In what has definitely not been its finest week, Hemispherx Biopharma (NYSEMKT:HEB) has seen its shares fall heavily after being forced to admit that there were still several issues outstanding with its NDA filing for lead drug, Ampligen, that would mean essential paper work for getting approval in chronic fatigue syndrome (CFS) would not be completed until December.
While delays are a normal part of the long and difficult process of getting a drug approved, what the market is punishing Hemispherx for, and rightly so, is the fact that the company had previously made statements that appeared to support the idea that the drug would win a marketing license in May, rather than the truth that its NDA filing was incomplete. What has added insult to injury is that Hemispherx took the opportunity to raise money not once but twice in May, bagging $34.4 million after the shares more than doubled as investors became increasingly excited as the ‘PDUFA decision’ approached (Event - Hemispherx shares liven up ahead of chronic fatigue drug PDUFA date May 19, 2009).
Confession Good for the Soul, Not the Shares
After a wait of almost six months, the group has finally and formally informed the market that there are outstanding matters, including manufacturing issues, that it needs to sort out before there is any hope of approval.
Given the nature of the issues it is clear that these would have existed as the group was approaching the May PDUFA date, making the chances of approval almost non-existent, a material event that the Hemispherx management team neglected to mention. In fact, the group issued a statement on May 26 claiming that approval would only be delayed by one to two weeks.
However, since May there has been some impressive back peddling, and in August the group gave the first indication that all was not rosy in the garden, after it admitted it was working with its contract manufacturer, Hollister-Stier Laboratories, to sort out problems in the final part of the manufacturing process, which are now expected to be completed by the end of 2009.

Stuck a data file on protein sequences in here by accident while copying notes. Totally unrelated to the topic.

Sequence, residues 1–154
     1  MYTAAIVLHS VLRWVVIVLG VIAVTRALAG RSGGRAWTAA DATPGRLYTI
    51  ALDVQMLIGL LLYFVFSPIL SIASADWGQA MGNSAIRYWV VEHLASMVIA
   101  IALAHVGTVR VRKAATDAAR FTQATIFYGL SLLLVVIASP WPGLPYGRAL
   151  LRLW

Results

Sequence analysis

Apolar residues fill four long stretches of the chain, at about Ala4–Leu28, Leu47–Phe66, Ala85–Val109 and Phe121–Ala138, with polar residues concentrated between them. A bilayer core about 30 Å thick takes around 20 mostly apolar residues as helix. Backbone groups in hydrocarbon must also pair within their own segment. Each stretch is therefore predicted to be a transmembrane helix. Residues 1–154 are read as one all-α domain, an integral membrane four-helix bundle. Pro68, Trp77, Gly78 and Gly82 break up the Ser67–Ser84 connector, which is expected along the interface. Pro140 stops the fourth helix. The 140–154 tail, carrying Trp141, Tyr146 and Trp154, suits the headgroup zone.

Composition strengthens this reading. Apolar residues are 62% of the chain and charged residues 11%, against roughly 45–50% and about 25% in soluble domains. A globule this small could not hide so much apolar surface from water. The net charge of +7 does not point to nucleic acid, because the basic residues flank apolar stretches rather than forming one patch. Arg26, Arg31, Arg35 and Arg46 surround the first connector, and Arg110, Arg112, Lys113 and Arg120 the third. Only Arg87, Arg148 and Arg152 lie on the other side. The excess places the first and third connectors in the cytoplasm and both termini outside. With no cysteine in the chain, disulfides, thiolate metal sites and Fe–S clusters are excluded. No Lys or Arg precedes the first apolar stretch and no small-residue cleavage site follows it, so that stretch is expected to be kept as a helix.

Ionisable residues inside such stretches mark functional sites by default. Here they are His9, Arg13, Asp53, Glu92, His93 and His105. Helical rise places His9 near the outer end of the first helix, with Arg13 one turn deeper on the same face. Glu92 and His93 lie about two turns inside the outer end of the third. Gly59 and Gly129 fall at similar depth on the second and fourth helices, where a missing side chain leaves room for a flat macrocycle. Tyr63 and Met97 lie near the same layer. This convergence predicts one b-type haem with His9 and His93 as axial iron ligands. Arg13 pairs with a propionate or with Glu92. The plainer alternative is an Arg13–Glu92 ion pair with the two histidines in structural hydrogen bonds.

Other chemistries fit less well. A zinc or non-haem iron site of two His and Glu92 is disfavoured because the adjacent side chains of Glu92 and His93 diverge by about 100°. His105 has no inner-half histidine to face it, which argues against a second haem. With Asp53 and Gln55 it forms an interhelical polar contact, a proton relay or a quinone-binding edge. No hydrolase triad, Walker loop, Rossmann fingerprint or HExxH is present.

Perhaps last week’s events should not have come as too much of a surprise, as Hemispherx has a history of badly filed NDAs. In December 2007, the product got a refusal to file letter from the FDA, which claimed that the application was substantially incomplete, with an impressive 14 outstanding items.
Over the last week, shares in the company have fallen by 16% as a result of the revised filing date. But investors should not hold out too much hope of a recovery any time soon.
The discovery of a potential viral link to CFS has cast doubt on whether Ampligen will eventually be successful as a treatment for the disorder. This was made more questionable by the drug's uncertain performance as an anti-viral and retroviral, as testified by the lack of news on the HIV and hepatitis C and B programs where Ampligen is being studied.
If Ampligen is found not to be effective in CFS, it is hard to see where the drug will go next. Hemispherx’s own scatter gun approach to developing the drug, which has seen it in trials for West Nile Virus, Sars, as well as melanoma and kidney cancer, indicates that the group is also uncertain of the real potential of Ampligen.